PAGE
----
I’m visiting the Wilton-Fairfield-Georgetown area this weekend, mainly to attend a tribute party/concert for the recently departed guitarist Tommy Schulz. Born into wealth, Tommy grew up on a sprawling horse farm in Wilton. Distant father, badgering control-freak mom. He lived for decades on a modest inheritance, and of course had been influenced by the usual liberal values. But as he grew older Tommy embraced the working-man ethos of Georgetown, the leafy, less affluent area that borders northeast Wilton, and — face it — became a kind of Donald Trump fan. Not actively, of course, but he was said to have muttered agreement with Trump’s views. We all have our foibles. Bruised and cynical, Schulz would have nonetheless loved this photo, which was thrown together this morning by HE Photoshop pinch-hitter Mark Frenden. (Mark also composed that brilliant American Friend poster last January.)
The late Tommy Schulz, Donald Trump during a Washington, D.C. gathering that Schulz never in fact attended. But that’s okay.
During a wedding reception in Fairfield last night, a guy was demonstrating a DJI Phantom drone, the latest version of which sells online for $1400. Very cool. It has a little gimbal-mounted vidcam that sends video back to the user’s cell phone. It can rise 400 feet without breaking a sweat, and can fly as high as a mile depending on weather conditions. The owner said he’s registered the drone with the FAA.
The forthcoming TV spots supporting Trump and Hillary will almost certainly be more savage than anything seen in any previous Presidential season. That famous 1964 “Daisy” ad, an anti-Goldwater spot beginning with a little girl picking flowers and ending with nuclear Armageddon, is generally regarded as the most damning, but Hillary’s forthcoming beware-of-Trump ads will be tastier still. This 6.20 PAC ad hits the mark, but seems relatively restrained given what Trump has said over the past year.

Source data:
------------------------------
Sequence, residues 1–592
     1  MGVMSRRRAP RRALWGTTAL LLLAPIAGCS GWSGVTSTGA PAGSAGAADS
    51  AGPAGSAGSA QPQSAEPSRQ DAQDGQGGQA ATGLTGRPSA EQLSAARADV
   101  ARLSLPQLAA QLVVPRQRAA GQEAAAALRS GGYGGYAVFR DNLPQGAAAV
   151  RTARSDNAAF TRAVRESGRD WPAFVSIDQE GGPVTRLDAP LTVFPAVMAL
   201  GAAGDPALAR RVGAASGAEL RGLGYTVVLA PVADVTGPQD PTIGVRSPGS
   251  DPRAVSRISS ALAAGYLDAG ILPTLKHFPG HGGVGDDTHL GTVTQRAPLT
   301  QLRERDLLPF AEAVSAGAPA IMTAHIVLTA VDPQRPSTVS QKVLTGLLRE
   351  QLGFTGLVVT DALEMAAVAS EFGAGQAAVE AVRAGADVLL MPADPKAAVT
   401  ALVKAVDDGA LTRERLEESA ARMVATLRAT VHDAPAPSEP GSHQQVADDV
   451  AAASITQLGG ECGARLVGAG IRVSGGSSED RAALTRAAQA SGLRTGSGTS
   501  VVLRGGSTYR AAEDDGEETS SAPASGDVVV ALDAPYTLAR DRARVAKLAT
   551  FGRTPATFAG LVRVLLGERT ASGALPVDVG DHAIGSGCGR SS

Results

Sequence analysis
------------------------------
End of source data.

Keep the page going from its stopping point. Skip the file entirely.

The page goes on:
“Published in 1977, almost a decade after his yearlong sojourn in Vietnam and after he had recovered from his own bout of depression brought on by his war experience, ‘Dispatches‘ was a sensation — an acutely observed, acutely felt, wisely interpretative travelogue of hell, deeply sympathetic to the young American conscripts, and deeply skeptical of the political and military powers that kept them there.
“Written with the residual rhythms of the 1960s counterculture, redolent of drugs and rock ’n’ roll, it was also partly fictionalized, though its authenticity was received by critics — and ordinary readers — as indisputable, and they treated it as an exemplar of the kind of fiction that is truer than fact.
“In an interview on Thursday, the novelist Richard Ford, who was a friend of Mr. Herr’s, said ‘Dispatches’ ‘gave an emotional, verbal and aural account of the war for a whole generation — of which I am a member — particularly for those who didn’t go. His nose was right in the middle of it, and he wrote exactly what it was like to be in that place and to be that young.” — From Bruce Weber‘s 6.24 N.Y. Times obit-profile of Michael Herr. Here’s my 6.24 quickie.